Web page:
The team returned to their ‘spiritual home’ again this year at the St Johns Bible College, after the College has been going through a major redevelopment over the past 2-years. Although not quite completed, the GOM team were the first ‘guests’ to be allowed to stay at the newly expanded College. Some slept in the yet to be completed Cafeteria, to ensure all the team could remain on the campus. The Chambers extended family showered the team in their love, wonderful hospitality and care, with the team being so appreciative, as every other team has felt in previous years. A sanctuary for a tired team as they returned to the college each evening.

Villages become families

The Villages welcomed the team, more as returning friends than visitors or strangers. The benefit of returning each year building trust, and renewing friendships was evident through the continued ‘talanoa’ (conversations) we had.

Arriving one evening to a squatter village on a hillside outside Suva, the village had prepared a makeshift shelter with tarps draped over the bamboo poles protecting us from the monsoon downpour we were encountering. This was the meeting room for that evenings event. From a kava ceremony, to formal introductions, to lovu-cooked food, to children dancing, and then engaging with Golden Oldies to dance under the stars on rain-soaked spongy grass, this became the model for many of the team visits to other squatter settlements we visited.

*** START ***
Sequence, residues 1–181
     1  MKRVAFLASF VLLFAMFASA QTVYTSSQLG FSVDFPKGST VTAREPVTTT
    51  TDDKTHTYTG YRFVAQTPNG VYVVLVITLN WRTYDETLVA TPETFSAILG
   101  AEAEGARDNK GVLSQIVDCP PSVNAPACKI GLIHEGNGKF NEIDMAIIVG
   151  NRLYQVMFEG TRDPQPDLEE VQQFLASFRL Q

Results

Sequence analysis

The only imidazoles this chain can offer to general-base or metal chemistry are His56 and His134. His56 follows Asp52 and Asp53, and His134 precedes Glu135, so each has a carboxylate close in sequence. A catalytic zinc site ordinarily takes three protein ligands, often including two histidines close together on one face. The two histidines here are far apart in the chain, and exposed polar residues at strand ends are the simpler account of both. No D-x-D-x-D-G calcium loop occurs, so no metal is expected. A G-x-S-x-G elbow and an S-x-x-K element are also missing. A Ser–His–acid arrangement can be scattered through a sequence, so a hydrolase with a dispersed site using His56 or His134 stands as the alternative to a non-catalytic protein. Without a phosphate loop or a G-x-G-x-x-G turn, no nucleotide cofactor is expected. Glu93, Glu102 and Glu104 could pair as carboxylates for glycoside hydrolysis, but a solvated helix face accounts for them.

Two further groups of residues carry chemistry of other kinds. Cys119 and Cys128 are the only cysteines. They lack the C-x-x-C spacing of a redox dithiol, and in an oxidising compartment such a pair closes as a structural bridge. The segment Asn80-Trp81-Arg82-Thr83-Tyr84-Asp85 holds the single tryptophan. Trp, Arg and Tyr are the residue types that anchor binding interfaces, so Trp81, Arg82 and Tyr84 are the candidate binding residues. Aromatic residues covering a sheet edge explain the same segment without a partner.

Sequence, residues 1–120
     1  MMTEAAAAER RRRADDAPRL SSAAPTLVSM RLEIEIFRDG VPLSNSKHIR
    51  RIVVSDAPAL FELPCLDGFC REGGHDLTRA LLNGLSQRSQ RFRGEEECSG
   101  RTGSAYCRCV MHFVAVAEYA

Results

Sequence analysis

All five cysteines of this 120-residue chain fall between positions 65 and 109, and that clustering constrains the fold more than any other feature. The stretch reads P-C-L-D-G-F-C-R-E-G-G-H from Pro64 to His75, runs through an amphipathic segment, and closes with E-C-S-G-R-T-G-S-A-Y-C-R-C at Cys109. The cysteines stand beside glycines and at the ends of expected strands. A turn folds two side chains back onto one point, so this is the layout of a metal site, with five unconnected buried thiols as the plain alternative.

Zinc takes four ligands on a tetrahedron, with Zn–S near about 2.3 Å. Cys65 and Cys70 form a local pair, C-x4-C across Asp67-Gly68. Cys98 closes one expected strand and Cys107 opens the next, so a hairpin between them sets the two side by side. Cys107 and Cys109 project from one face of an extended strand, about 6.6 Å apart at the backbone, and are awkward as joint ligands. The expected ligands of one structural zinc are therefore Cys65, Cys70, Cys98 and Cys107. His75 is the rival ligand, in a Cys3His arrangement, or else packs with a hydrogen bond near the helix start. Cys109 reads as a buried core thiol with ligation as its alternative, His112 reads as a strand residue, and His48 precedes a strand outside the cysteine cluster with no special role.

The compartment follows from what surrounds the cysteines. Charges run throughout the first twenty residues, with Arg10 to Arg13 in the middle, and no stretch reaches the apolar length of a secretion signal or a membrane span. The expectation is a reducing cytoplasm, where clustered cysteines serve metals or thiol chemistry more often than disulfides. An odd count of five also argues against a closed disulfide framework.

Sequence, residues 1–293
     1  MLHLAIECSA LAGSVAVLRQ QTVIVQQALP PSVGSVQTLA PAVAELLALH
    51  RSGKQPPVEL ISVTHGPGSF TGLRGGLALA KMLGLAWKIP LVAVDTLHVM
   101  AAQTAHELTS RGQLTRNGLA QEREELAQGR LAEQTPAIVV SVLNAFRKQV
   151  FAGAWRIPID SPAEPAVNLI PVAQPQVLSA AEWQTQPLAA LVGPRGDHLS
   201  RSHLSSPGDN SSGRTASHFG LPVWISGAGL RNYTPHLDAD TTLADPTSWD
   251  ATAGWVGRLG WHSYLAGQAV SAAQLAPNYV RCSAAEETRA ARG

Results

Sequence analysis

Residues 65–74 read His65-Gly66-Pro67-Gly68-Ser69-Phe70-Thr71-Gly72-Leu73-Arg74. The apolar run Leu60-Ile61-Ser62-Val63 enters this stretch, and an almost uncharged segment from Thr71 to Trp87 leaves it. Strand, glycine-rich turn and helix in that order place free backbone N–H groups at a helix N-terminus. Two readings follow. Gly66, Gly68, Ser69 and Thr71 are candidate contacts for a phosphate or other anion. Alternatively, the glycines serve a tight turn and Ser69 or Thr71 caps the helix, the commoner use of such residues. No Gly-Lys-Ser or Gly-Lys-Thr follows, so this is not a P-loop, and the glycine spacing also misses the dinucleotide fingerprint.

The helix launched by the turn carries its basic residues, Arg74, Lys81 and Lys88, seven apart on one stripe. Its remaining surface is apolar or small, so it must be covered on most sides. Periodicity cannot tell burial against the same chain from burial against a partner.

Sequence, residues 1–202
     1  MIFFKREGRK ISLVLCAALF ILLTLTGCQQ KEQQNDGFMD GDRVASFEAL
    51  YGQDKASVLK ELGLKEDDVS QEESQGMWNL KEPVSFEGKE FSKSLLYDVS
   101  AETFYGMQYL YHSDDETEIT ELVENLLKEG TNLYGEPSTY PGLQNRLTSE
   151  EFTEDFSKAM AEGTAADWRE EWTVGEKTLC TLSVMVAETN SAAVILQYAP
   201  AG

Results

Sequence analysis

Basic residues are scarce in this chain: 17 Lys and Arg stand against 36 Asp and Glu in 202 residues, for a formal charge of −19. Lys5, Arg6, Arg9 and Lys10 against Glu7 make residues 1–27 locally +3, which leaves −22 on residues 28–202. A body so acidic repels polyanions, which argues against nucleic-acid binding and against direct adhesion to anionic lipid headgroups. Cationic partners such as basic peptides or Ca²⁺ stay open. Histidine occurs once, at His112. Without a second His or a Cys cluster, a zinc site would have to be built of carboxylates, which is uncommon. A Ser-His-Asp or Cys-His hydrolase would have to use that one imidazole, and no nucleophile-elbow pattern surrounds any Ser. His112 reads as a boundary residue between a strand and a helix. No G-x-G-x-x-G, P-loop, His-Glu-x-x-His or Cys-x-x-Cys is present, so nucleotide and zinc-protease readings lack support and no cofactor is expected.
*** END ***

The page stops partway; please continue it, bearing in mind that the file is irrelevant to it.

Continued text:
But there is a serious side to all this, as well as gifting some of the supplies we had brought with us, we wanted to further the partnership to build village well-being and offer spiritual encouragement.

 Micro-enterprises

One of the main projects significantly advanced was the ‘mud-brick’ vision. To establish training in brick-making and carpentry skills, to then build affordable cyclone-proof housing and church buildings for these squatter villages. In addition to this is the expectation to sell bricks as another money source alongside their fish and veges currenlty sold at the road side.

 

Roger and Thomas, along with Alfred from Fiji, spent all week meeting church and village leaders, developing, revising, then revising their plans that could make the project genuinely feasible. At weeks end, they announced their much anticipated proposal.

 

A Project Manager is being employed by Golden Oldies to oversee the establishment and development of the making of mud bricks in 3 villages, one on the other main island of Vanua Levu. They are importing 2-new mud brick machines from China to compliment the one already about to start operation in making bricks. The first bricks made are going to complete a demonstration affordable home, a new Sunday school and extension to a church.

 

Building materials are scarce and expensive in Fiji , and being the first to offer this alternative cheaper mud-brick to expensive cement-bricks could help take the squatter villages out of poverty and overseas aid dependency, to offer these village-churches some greater self-determination and regular employment for their men folk. The next 6-months will be a very interesting time for all involved, and something the Golden Oldies are very proud of supporting through fundraising for the seed money needed, technical and operational support as partners in the project.